Pantry Packers is another project of Colel Chabad. Volunteers learn a little about the situation of the needy in Israel and then proceed to help filling, sealing, labeling and boxing dry food goods in a fun, clean, air-conditioned environment. The packing takes place on Derech Moshe Baram in Talpiot, Jerusalem.
A typical session lasts 90 minutes and is appropriate for ages three and up. The staff finds appropriate tasks for everyone. No Hebrew is necessary. To make arrangements, contact Rabbi Menachem Traxler at menachem@pantrypackers.org.
Pina Chama literally means a warm corner. They offer drinks, cakes, popcorn and more to soldiers and security forces. Based in Gush Etzion, south of Jerusalem, everyone involved at Pina Chama is a volunteer. Some bake cakes and others staff the building at the Gush Etzion junction.
Shifts are normally 2.5 hours and tourists are welcome, especially during holidays when regular volunteers are often away. Volunteering at Pina Chama is mainly suitable for adults, but families do come. Naturally, parents are expected to accept full responsibility for their children. With sufficient notice, it’s possible to arrange a shorter shift for a family group.
Hebrew is helpful but not absolutely necessary, since most soldiers know some English. To make arrangements, contact Shirli Epstein at shirli.epstein@gmail.com.
The Lone Soldier Center in Memory of Michael Levine was created to meet the physical and social needs of lone soldiers, those serving in the Israel Defense Forces without immediate family in Israel. They welcome adults and small families to help prepare and serve lunch to lone soldiers at their Jerusalem Center. Plan to spend two to three hours at the center on Jaffa Street in central Jerusalem. No Hebrew is necessary. To make arrangements, contact Bonnie Rosenbaum at bonnie@lonesoldiercenter.com.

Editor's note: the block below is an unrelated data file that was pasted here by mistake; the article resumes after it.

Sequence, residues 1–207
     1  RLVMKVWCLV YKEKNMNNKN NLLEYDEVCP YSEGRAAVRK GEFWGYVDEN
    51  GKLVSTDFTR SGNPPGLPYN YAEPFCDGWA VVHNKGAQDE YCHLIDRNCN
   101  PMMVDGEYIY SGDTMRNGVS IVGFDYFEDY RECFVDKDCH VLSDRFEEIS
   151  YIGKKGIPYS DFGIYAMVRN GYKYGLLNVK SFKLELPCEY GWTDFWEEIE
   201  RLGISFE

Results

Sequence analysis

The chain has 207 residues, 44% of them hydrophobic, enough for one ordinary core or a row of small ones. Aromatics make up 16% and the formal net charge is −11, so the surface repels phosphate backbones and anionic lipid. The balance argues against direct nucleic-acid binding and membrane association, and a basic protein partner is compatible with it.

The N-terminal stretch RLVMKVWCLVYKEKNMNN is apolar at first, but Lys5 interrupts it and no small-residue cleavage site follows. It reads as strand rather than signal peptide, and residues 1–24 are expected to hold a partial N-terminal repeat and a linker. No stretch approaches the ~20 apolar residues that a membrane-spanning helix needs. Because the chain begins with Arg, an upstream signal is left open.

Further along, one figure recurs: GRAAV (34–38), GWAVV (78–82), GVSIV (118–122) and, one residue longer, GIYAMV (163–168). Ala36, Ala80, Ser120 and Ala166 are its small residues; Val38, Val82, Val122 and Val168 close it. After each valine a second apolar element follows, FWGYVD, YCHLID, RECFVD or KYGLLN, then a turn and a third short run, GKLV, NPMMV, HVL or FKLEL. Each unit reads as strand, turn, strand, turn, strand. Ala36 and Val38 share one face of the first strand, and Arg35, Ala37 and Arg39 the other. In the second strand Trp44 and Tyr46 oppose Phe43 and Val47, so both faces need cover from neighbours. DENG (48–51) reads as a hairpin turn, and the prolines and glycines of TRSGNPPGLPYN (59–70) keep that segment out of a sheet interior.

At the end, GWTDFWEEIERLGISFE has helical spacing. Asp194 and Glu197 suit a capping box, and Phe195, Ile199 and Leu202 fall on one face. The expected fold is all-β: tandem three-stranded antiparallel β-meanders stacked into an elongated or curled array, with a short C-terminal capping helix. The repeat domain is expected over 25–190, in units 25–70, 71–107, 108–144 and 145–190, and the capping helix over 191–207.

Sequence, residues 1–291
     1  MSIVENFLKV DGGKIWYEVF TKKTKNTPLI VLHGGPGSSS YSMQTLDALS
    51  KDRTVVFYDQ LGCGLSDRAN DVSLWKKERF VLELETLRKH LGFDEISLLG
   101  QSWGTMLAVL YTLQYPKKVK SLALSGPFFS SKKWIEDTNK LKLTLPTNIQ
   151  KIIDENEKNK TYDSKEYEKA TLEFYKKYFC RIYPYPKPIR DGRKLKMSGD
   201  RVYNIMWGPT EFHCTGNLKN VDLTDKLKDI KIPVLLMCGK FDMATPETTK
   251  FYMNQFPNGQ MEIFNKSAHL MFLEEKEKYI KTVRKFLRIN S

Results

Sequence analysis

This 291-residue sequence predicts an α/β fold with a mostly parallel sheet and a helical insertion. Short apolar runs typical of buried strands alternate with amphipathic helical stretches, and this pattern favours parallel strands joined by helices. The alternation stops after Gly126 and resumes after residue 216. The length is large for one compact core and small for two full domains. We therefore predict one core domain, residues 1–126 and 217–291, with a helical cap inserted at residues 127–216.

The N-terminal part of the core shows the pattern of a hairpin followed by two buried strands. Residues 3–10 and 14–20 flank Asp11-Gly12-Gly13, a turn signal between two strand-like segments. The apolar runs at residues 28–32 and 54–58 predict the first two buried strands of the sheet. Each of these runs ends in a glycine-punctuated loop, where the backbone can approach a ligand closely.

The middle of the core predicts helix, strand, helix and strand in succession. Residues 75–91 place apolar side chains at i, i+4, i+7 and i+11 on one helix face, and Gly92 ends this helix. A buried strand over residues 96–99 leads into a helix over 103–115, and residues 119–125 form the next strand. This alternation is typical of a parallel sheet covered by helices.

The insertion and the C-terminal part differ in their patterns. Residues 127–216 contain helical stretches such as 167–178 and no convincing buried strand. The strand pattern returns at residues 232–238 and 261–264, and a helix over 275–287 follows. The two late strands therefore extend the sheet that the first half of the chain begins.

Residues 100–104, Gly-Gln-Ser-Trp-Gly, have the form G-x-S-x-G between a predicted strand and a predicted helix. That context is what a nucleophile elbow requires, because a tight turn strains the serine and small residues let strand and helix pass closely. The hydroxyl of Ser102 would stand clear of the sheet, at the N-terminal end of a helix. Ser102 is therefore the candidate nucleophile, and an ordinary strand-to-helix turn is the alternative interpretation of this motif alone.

Torat Reva Yerushalayim offers volunteers of all ages the opportunity to deliver gift packages to soldiers and/or volunteer in a nursing home. Volunteering takes place in Jerusalem and can be done in as little as one hour. No Hebrew is necessary. To make arrangements, contact Sharona Halickman at toratreva@gmail.com.
Yad Eliezer also offers a food packing program in their warehouse in Romema, Jerusalem. The warehouse operates Sunday through Thursday from 9:30 a.m. to 3:30 p.m.
Each packing session lasts an hour and up to 35 people can be accommodated in each session. To make arrangements, contact Yossi Kaufman at volunteers@yadeliezer.org.
Yad Ezra V’Shulamit offers a volunteer experience consisting of a video and interactive discussion on poverty in Israel, a tour of their facilities and packing food baskets for hungry children and families in Israel. These activities take place in Jerusalem and Elifilet, a moshav in northern Israel.
A typical session lasts one to two hours and is appropriate for ages eight and up. Families are most welcome. No Hebrew is necessary. To make arrangements, contact Miri Schreiber at feedisrael10@yadezra.net.
The Love Love Israel website helps English speakers with tried and tested ideas to enjoy Israel. The LoveLoveIsrael – Tried & Tested companion Facebook group has more than 24,000 members. Earlier this year, Deborah Dickson, CEO and founder of Love Love Israel, compiled a list of volunteer opportunities. Check it out to see if something on her list sings to you. http://loveloveisrael.com/2019/02/20/volunteering-in-israel-give-to-others-and-make-amazing-memories-too
Finally, Arnie Draiman of Arnie’s Tzedakah Adventures specializes in customized arrangements for individuals, families and groups to get involved in hesed and tzedakah projects in Israel. His programs emphasize education and inspiration and never involve solicitation of funds.
Draiman arranges for full- or half-day activities that include meeting what he calls Mitzvah Heroes, the founders of the organizations, and hearing about their vision, in addition to volunteering. Activities can range from painting apartments for people in need, decorating pillowcases for soldiers or the elderly, distributing goods such as school supplies, dance shoes, sports equipment, baby blankets and stuffed animals, cleaning and painting bomb shelters, working in community gardens and more. Contact Arnie at ajdraiman@gmail.com.